Reuters: Kroger and Albertsons Seek Sale of Up to 300 Stores to Ease Merger Concerns

Kroger and Albertsons Companies are reportedly working on plans to sell between 250 and 300 of their combined 4,996 stores in order to alleviate U.S. antitrust concerns regarding their merger, people familiar with the matter told Reuters. The move is aimed at easing regulators’ concerns that the deal could lead to grocery price hikes during a time of heavy inflation.

The combined value of the divested stores could top $1 billion, according to the sources. They would be spread across all regions where the retailers operate, including the Pacific Northwest, Southern California, Phoenix and Chicago. Kroger and Albertsons have been in touch both with potential buyers, including Ahold Delhaize, and the FTC regarding their plans.

Albertsons already announced plans to establish a subsidiary, SpinCo, which will be spun off as a standalone public company prior to the merger’s closing and could control between 100 and 375 divested stores from both companies. Kroger has since said the upper limit for divestures would be 650 stores. While Kroger and Albertsons are currently focusing on finding a buyer, they still may proceed with the spinoff plan if no deal materializes.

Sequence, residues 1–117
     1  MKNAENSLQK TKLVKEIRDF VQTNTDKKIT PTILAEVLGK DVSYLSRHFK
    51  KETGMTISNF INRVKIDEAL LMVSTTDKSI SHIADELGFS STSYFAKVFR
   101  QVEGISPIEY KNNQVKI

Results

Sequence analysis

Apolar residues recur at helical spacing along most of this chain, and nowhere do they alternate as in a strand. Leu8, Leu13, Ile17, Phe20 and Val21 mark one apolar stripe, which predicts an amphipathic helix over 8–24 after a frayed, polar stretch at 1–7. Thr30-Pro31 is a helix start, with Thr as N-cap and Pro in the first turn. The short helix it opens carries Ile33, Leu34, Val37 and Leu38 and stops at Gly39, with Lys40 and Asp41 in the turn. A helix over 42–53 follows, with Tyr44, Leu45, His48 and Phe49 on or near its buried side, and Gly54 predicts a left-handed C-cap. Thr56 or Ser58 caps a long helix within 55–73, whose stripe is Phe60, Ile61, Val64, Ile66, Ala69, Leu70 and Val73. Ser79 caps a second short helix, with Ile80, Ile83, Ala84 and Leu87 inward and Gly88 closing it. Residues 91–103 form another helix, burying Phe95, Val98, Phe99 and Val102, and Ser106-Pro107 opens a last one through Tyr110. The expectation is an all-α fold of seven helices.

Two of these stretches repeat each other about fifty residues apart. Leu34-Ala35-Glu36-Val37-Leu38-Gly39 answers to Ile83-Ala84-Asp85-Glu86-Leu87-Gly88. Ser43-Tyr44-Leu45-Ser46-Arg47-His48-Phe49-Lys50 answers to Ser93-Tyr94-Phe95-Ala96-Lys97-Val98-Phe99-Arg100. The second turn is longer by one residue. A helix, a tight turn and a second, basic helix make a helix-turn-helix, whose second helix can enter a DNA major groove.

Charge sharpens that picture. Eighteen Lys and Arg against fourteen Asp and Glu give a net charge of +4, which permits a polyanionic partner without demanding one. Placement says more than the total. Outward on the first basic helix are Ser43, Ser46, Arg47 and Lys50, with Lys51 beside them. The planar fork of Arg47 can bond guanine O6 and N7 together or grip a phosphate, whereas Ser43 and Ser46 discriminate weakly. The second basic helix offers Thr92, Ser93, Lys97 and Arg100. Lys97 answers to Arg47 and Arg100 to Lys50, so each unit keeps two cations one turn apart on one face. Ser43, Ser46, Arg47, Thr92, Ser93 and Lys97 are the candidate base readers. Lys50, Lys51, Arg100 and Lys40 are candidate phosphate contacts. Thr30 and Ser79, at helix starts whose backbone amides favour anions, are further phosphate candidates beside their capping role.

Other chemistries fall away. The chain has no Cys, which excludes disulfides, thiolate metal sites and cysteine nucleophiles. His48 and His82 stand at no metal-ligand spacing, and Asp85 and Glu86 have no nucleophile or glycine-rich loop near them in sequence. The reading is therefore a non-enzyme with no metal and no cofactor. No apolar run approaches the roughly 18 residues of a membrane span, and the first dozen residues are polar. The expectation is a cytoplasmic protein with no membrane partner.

The key focus for the FTC as it investigates the divested stores will be their financial viability, antitrust experts told Reuters. FTC Chair Lina Khan has cited the failure of divestitures in the 2014 Albertsons and Safeway merger as a reason for the agency to be skeptical about the merits of such a move. At the time, the retailers earned regulatory clearance by selling 146 stores to regional grocer Haggen, which filed for bankruptcy several months later and blamed the new stores for its demise. Albertsons was then able to buy many of the stores back.


Kroger and Albertsons have argued that the merger is necessary to help the companies compete with larger rivals including Walmart, Costco and Amazon. However, opponents have argued that the deal would worsen food deserts in rural and marginalized urban areas, where the problem has been “aggravated by over-concentration in grocery retail,” according to Sumit Sharma, Senior Researcher of Technology Competition at Consumer Reports.

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